Snap Language

Getting Smarter through Language

Modal Verbs in English | Practice 1

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Advanced Level

Based on this lesson, choose the modal verbs that would best complete each blank in the sentences below. Base your answer on the clue provided in parentheses. For practice, you can write the modal in the space provided.

  • Example
  • (expressing an obligation)

    You pay your taxes on time.

  • Answer: must

    Why? Based on the clue, you have to use “must” to express the idea of an obligation.

When you are finished, click the button that has your answer. You will see if your answer is correct or incorrect.

Note. Your answers will not be submitted. When you leave this page, they will be deleted.

Ready? Start below.

1. (expressing ability)

You lift this box on your own. Let me help you before you hurt yourself.

Correct!

Good job!

Incorrect!

“Can” expresses an ability (or lack thereof).

2. (expressing prohibition)

You park here.

Incorrect!

If you want to express a prohibition, you should use “must not” or “mustn’t.”

Correct!

That’s good!

3. (expressing a necessity)

When dealing with very young children, you be patient.

Correct!

That’s great!

Incorrect!

Based on the clue, you must use “need to” to express a necessity.

4. (giving advice)

If the president wants to be reelected, he support legislation that benefits the middle and lower class.

Incorrect!

The sentence is not incorrect, but “must” expresses an obligation or duty. Based on the clue, you should use “should” to express advisability.

You’ll get it right the next time. Let’s keep going.

Correct!

Ready for the next one?

5. (expressing disapproval)

You be ashamed of yourself for talking to your parents like that!

Correct!

Good job!

You could also use “should” here with the same meaning of disapproval.

Incorrect!

“Need to” usually expresses a necessity. You should have used “ought to” here to express disapproval.

That’s okay though. Let’s just keep going.

6. (expressing a high degree of certainty)

Judging from her accent, she be Austrian.

Correct!

You’re doing great!

Incorrect!

To express a conclusion with a high degree of certainty, use “must.”

7. (expressing a strong recommendation)

Oh, no! You’re bleeding! You go to the emergency room.

Correct!

“Must” in this context expresses a strong recommendation.

You’re doing well!

Incorrect!

“Should” expresses a suggestion, but it is not very strong. If someone is bleeding, you want to be more forceful and make a strong recommendation by using “must.”

8. (giving strong advice)

The exam is in two days. You start studying right away.

Incorrect!

Keep going. You can always review the list of modal verbs later.

Correct!

“Had better” do something does express strong advice.

9. (expressing a low probability)

Even though it is usually warm in Florida this time of the year, you should bring a light sweater. It get chilly at night.

Incorrect!

Using “could” does express a possibility but, if you want to express a low likelihood, you should use “might.”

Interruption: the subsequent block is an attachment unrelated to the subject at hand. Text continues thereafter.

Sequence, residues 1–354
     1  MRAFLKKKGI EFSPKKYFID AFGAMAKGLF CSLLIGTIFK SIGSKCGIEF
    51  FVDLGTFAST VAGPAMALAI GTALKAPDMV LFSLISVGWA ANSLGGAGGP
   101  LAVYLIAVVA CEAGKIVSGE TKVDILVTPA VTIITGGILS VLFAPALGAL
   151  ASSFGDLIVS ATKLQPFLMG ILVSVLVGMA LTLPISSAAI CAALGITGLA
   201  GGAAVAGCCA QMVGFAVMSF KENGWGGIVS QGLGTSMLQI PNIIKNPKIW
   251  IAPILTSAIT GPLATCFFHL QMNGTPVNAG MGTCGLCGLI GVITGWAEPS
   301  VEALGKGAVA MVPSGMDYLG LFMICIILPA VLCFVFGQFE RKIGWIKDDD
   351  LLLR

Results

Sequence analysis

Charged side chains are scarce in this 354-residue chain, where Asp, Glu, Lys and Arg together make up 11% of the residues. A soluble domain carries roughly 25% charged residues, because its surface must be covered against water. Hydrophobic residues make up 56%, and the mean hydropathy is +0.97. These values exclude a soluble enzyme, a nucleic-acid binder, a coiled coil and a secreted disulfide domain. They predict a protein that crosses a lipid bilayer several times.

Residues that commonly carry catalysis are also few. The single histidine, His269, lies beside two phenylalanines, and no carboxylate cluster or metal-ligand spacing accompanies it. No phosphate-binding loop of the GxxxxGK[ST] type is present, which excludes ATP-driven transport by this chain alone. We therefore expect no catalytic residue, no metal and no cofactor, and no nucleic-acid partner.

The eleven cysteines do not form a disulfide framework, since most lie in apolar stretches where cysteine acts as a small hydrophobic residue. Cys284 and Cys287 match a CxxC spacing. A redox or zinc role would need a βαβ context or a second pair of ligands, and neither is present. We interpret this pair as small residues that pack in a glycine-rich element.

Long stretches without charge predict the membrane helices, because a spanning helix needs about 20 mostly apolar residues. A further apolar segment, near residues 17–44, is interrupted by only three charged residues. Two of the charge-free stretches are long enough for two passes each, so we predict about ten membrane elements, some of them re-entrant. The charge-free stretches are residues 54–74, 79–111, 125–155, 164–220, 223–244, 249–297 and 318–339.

Keep going. You’re almost there.

Correct!

Good job!

Both of these modal verbs express probability, but “might” expresses a low probability.

10. (expressing a habitual action that no longer happens)

Professor Ecks teach statistics. I wonder why he stopped.

Correct!

That’s great!

Incorrect!

“Used to” expresses something you did in the past but not anymore. For example, “I used to go to bed at 9 when I was a kid.”

11. (expressing a promise to do something)

We be there for you if you need us.

Incorrect!

Although both these modals can express the future, you need to use “will” when making a promise to do something.

Correct!

In this context, you use “will” when you make a promise.

Ready for the next one?

12. (expressing the result of a hypothetical situation)

You make as many mistakes if you played the piano more often.

Incorrect!

Although you are expressing a present situation, you must use “would” because it is a hypothetical situation.

Correct!

Cool beans!

13. (a habitual or repetitive action in the past)

When we lived in Ethiopia, our neighbors invite us to dinner just to socialize.

Correct!

Ready for the next one?

Incorrect!

To express a habitual or repetitive action in the past, you can use “would.” In this sentence, “might” doesn’t make much sense.

14. (giving permission)

Employees leave early today as long as they have completed all their tasks.

Incorrect!

Using “should” here makes it sound as though you are advising them to leave early. You need to use “may” to express that you are giving them permission to do so.

Correct!

Good job! “May” in this sentence is a way of giving employees permission to leave early.

15. (expressing a preference)

Where go on vacation: the beach or the mountains?

Correct!

“Would rather” expresses a preference.

I hope you did really well!

Incorrect!

“Ought to” has the same meaning as “should” and expresses different ideas. Based on the clue, you should use “would rather” to express a preference.

More Exercises

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